How to make pasta
It's a good project if you've got some time to kill.
It was New Year's Eve. London was on lockdown. I had to fill my night with some sort of project. I decided to make pasta.
It's a long time since I've made pasta. But, pandemics are all about trying new things, right?
I had big plans - I wanted to make a pasta dough for fettuccini. I'd seen a recipe for fettuccini with scallops and prosciutto which seemed 'special occasion' enough to make the focus of my New Year's celebrations-for-one.
I knew that I'd left my run to the fishmonger's too late. My closest fishmonger is on Broadway Market - it takes about 20 minutes to walk there. I'd meant to go earlier in the week but had been busy with work, so it was the morning of 31 December when I made the trip. The market was busy. The queue at the deli was crazy long. The queue at the butcher's was crazy long. I looked at the queue for the fishmonger - also crazy long. Estimating that it could take up to about an hour, I resigned myself to joining the queue - after all, it was a special occasion meal for New Year's Eve. However, when I got to the end of the queue, I realised that it turned the corner and went way down the block. It would literally have been hours of waiting that I didn't have time for. I needed a Plan B.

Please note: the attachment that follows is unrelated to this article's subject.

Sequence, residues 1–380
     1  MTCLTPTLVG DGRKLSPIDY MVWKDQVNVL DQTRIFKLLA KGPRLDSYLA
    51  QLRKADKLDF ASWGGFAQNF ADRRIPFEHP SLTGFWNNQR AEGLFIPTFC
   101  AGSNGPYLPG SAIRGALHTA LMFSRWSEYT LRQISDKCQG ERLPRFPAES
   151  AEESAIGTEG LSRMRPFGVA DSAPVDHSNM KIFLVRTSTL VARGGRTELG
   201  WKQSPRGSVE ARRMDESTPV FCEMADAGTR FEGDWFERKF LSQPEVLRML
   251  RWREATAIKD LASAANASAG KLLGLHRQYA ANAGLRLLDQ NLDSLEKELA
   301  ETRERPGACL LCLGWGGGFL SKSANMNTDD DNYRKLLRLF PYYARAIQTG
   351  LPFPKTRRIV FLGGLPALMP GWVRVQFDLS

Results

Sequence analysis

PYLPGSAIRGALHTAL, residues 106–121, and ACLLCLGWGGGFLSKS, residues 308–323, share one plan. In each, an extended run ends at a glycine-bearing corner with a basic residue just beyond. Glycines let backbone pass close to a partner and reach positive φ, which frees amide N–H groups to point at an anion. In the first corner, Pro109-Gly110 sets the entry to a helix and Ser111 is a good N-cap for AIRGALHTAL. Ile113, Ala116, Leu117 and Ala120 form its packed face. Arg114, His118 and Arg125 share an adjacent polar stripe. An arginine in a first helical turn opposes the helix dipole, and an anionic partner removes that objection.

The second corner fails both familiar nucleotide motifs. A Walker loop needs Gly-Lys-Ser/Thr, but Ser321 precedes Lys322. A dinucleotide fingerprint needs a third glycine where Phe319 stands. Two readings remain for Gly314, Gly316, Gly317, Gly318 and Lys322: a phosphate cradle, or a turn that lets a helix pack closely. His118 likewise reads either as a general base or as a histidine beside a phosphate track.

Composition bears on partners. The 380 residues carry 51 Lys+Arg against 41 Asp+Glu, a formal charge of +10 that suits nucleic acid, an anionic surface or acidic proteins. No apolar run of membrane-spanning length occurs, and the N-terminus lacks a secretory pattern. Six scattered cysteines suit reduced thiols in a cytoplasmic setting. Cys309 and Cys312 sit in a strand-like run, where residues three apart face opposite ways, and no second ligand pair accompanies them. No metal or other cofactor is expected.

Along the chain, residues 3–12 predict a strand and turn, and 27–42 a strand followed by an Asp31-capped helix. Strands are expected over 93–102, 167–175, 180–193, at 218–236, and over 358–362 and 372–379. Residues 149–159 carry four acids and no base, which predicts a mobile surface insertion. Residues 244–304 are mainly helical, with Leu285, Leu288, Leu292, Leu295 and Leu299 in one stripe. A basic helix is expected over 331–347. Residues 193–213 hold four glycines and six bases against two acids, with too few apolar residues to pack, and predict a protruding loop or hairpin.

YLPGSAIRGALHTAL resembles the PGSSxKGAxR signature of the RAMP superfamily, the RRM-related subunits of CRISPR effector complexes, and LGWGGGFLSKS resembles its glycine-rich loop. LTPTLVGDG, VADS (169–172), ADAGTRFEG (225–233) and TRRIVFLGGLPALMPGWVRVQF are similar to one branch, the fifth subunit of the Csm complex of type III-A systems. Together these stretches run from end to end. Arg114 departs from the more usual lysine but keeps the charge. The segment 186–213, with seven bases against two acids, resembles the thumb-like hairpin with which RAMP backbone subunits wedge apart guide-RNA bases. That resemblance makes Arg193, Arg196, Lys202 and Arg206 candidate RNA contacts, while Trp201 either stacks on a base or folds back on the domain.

I decided to make a Carbonara sauce to go with my fettuccini. Not the healthiest option, but Carbonara is my guilty-pleasure pasta sauce option.
To make the pasta dough, I followed this guide from Epicurious.
Mound 4 cups of Plain flour onto your bench-top.